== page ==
Book Review : Summer’s Child
I’ve spent the last few weeks (only slow because I only got about 1/2 hour a day to read) reading Diane Chamberlain’s Summer’s Child.
i’ve wanted to read one of her stories because she’s a North Carolina author and her settings are places that I know … sometimes really well. This story, set in Kill Devil Hills, I do know. Hubby and I flew into KDH in a four-seater airplane together one day for an outing together and ended up spending time at the Wright Brother’s Memorial and to a couple other places even.
The story is about a child found on the beach by a young girl. The child is raised by said young girls’ family and after the first chapter, the story is present day with the baby as a 22 year old and the young girl all grown up herself.
As a romance, I expected more romance… not necessarily steamy stuff, but between the two main players. It wasn’t until 90% of the story was over and one with that he finally figured out what he wanted and honestly, I didn’t really buy into it. It sounded forced … like an ‘aha’ moment that took 35 years to figure out.
The story repeated a lot, too. Meaning, we’d see a scene, the next would be similar/the same with different characters. The reason was that Rory (main guy) was looking into the matter of the baby found on the beach 22 years before, so sure, it had to show the progression of him finding stuff out. From Rory’s perspective I got that.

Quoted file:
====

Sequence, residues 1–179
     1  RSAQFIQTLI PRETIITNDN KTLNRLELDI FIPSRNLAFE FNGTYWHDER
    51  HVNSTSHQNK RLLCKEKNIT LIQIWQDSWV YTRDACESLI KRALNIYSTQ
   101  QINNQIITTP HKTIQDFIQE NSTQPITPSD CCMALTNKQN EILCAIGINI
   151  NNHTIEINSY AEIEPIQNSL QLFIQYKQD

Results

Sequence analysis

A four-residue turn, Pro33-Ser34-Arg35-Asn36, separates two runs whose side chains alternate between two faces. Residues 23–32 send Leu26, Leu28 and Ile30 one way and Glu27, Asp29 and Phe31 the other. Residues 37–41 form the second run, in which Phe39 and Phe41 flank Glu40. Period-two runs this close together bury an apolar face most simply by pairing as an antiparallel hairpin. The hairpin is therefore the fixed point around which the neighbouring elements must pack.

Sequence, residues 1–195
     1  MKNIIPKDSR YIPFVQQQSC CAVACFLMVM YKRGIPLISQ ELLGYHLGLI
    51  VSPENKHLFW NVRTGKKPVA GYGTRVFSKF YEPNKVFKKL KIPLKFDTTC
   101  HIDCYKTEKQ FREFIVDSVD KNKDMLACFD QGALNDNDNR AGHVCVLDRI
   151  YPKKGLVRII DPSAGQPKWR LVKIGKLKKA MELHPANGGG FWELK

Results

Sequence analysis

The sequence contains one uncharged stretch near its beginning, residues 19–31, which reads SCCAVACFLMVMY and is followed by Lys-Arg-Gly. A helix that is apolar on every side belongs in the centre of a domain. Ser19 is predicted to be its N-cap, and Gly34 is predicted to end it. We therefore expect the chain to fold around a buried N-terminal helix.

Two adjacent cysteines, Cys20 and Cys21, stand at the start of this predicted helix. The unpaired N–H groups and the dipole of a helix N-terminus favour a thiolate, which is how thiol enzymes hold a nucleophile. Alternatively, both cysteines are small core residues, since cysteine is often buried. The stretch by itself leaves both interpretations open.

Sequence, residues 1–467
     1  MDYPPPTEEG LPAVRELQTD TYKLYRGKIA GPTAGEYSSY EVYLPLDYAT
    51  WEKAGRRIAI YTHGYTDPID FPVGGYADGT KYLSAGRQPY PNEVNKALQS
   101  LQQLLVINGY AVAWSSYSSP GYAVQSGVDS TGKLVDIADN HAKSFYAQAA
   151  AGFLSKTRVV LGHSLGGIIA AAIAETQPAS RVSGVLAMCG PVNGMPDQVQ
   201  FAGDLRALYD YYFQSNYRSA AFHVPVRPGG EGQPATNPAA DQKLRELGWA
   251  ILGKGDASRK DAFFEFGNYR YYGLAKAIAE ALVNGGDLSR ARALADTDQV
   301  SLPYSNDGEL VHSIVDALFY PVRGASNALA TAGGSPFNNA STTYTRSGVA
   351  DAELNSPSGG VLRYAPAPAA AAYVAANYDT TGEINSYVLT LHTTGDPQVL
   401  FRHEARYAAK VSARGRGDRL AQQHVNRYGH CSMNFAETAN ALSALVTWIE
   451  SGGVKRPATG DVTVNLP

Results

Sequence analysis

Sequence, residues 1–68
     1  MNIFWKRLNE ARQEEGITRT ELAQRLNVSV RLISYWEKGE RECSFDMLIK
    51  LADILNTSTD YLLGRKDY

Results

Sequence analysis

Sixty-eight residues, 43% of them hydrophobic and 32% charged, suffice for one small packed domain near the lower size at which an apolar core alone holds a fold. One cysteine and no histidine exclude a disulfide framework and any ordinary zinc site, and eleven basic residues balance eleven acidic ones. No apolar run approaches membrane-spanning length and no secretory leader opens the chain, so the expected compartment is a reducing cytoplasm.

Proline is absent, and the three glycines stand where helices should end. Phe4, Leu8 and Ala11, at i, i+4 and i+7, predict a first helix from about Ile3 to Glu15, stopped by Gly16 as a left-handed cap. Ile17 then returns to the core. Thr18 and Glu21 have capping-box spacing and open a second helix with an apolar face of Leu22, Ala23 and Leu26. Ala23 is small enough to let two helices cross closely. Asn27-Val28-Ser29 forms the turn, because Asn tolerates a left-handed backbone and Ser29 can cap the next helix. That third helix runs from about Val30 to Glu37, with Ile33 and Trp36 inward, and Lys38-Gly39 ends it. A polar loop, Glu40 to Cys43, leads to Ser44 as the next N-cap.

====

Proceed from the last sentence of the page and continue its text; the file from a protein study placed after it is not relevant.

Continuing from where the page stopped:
From Daria’s, her hesitation in letting Rory go on and on without saying something to him irked me. She’s this strong, caring, not overly sensitive woman. She lives on her own, cares for her “younger” sister, worked as an EMT, but is (during the story) not doing so due to some issues. So she is conflicted and conflicting in the story. It makes me wonder if people really do hold back their feelings this much of if we, as the writer of the story, make them do that? Why not just put them together, then insert problems? The non-admittance of so many romances just get to me.
Daria is a strong woman. She reminds me a number of friends of mine who I know could live independently if ever they had to. She’s tough, willing, industrious. She’s a teacher, a friend and full of character. She’s definitely the best part of the story, outside of the younger sister. I only wish there was more to the relationship she had with Rory because I would have like to have read the romance between the two, rather than all the investigation into the appearance of the baby.
The flip side — Grace’s story arc — was fantastic. It was a great parallel storyline, but the Grace-Rory almost relationship remained until nearly 80% of the story was done.
Sure, Daria and Rory knew each other as kids, but to jump into a relationship without more of the time to build it between then? I wish there was more… so much more.
But that’s me. I love a good story, but I also want the relationships to build … to survive problems, for the characters to conquer their problems together and apart … there just wasn’t a ‘together’ until the end.
The twist with the parentage in this one was one I didn’t expect. That was great because I’m good at seeing what’s coming and sometimes in books it’s so obvious I stop reading. Not here. Did not see that one coming. So, major kudos on that one.
Would I recommend it? Absolutely. It’s less suspenseful than books I normally read, but it was a good sweet story and as its set on the beach … so a week at the beach with this book in hand? Oh yeah. The perfect combination.